Scientific findings show how parents react to crying babies can have an important impact on their development. Infants with parents who respond quickly, consistently, and warmly when they cry have healthy emotional development later on. These studies have suggested that responsive and sensitive parents can protect children from developing stress coping mechanisms. One study looked at babies born with predisposed stress-related symptoms and their parents, and concluded that even though there were risk factors in the babies for stress, they were able to be relieved with affectionate caresses during early infancy.
Quick and consistent response to a crying baby, referred to sometimes as “sensitive parenting,” might also make the difference between success and failure at school. Researchers have concluded that infants with relatively insensitive parents end up with the worst behavioral problems. At a chemical level, affectionate touch and other nurturing behaviors appear to trigger the release of feel-good neurotransmitters like oxytocin. With the release of these hormones, there is a fast recovery from stressful events.
As important as it is to respond warmly and quickly to a crying baby, it is also important to prevent the baby from being exposed to angry or fearful voices, negative body language, and being left alone in distress. Avoiding these stressful situations can also facilitate a baby’s learning and the development of positive social relationships. To better understand this concepts let us look at the physiological responses related to them:
Research studies have suggested that touch triggers the release of natural pain-killers and sedatives, thus counteracting the effects of stress. This is demonstrated in one study that looked that effect of a heel prick and signs of distress in infants. Once held naked against their mothers’ bare skin, the level of stress hormone levels was greatly reduced. Touch is vital, but more specifically the type of touch is also vital. For example, researchers have discovered that light touch in younger babies (two to six months old) can be irritating to them and so a firmer touch might be more preferred. The key is a gentle, slow, moderate pressure, a kind of infant massage. Touch is also more likely to soothe when it’s accompanied by other forms of affectionate contact.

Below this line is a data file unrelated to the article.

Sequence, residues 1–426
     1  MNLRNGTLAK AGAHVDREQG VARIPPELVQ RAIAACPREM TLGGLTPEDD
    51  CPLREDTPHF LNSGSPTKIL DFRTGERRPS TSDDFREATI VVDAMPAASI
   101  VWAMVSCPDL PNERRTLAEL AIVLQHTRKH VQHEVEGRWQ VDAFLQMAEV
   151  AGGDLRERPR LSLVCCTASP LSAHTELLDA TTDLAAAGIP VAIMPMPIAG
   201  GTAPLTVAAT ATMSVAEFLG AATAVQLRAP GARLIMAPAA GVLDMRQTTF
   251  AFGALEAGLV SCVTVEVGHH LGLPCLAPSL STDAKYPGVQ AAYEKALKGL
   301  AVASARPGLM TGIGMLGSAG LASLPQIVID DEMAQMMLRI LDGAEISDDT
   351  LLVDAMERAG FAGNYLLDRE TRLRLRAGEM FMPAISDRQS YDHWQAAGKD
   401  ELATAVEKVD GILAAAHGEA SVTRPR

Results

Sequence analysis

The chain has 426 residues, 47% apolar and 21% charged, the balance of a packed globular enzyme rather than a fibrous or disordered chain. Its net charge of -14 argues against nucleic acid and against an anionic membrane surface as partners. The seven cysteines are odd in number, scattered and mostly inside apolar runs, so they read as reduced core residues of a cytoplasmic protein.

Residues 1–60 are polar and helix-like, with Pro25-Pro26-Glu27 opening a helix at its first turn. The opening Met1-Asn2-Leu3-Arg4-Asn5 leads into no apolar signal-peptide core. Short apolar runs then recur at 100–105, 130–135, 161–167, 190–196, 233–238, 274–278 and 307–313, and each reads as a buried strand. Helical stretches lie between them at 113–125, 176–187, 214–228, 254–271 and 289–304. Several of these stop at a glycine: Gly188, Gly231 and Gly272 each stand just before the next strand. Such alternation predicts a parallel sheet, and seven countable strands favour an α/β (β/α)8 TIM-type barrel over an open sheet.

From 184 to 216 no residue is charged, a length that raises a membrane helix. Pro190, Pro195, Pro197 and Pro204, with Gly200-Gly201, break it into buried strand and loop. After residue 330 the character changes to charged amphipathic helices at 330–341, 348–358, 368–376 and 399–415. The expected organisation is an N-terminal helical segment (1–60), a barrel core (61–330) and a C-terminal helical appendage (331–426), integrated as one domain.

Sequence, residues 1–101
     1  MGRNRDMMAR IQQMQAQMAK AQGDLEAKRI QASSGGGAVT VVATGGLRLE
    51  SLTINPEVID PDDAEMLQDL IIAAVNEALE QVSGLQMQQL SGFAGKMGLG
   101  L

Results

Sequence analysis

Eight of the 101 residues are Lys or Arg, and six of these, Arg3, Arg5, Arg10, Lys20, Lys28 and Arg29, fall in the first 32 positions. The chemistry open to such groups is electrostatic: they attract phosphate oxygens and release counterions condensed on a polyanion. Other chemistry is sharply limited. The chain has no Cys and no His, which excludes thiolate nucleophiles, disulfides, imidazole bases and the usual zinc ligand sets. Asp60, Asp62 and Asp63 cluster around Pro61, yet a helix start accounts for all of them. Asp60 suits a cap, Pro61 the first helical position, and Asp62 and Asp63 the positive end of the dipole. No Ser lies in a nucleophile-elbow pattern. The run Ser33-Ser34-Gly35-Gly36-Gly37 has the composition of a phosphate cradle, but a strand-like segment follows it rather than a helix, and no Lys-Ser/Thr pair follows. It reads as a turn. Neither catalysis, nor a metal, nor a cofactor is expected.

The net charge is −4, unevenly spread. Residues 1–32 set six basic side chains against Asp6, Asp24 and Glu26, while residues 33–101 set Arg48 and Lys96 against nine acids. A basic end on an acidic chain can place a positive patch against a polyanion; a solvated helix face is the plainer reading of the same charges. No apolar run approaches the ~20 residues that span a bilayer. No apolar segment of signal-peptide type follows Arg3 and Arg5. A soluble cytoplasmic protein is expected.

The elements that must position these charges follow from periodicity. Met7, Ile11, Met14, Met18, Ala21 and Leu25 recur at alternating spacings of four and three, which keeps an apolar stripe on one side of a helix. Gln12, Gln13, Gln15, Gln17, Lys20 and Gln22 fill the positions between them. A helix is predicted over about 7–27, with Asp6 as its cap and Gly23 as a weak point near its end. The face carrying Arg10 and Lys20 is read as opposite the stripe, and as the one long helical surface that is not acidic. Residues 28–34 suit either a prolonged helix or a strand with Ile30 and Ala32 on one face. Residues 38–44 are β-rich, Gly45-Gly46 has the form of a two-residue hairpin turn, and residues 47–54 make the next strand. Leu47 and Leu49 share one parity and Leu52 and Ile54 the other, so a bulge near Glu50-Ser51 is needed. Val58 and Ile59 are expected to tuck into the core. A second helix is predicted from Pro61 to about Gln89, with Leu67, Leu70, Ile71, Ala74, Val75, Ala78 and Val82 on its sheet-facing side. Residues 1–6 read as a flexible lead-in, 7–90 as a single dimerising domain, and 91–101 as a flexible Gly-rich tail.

2. Body language
Babies begin to recognize facial expressions immediately after birth. A large body of research indicates that babies prefer to look at happy faces, and are upset by displays of negative emotion. One study looked at six-month-old babies and found that they can distinguish between happy and angry body language, alternatively affecting their emotional development later on.
As noted above, all factors are important when trying to respond appropriately to crying babies, and movement is equally vital. One study showed that babies experienced slower heart rates and reduced crying when they were held by an adult who was moving or rocking them from side to side.
One common factor that contributes to babies’ crying is comfort and cleanliness. Many times a diaper change can be stressful for a baby which presents with a dilemma. Should you change the diaper, or let the baby sleep through with a wet diaper? Some researchers have suggested that unless your baby has a skin infection, there is no need to wake up a sleeping baby for a diaper change.
The World Health Organization recommends that infants under the age of six months sleep in the same room as their parents. This sleeping arrangement ensures that caregivers will be on hand if the baby is distressed or experiences a life-threatening event, and there may be other benefits too. Researchers speculate that having parents nearby at night may help babies regulate the stress response during the day.
For more information on the research studies discussed above, click here.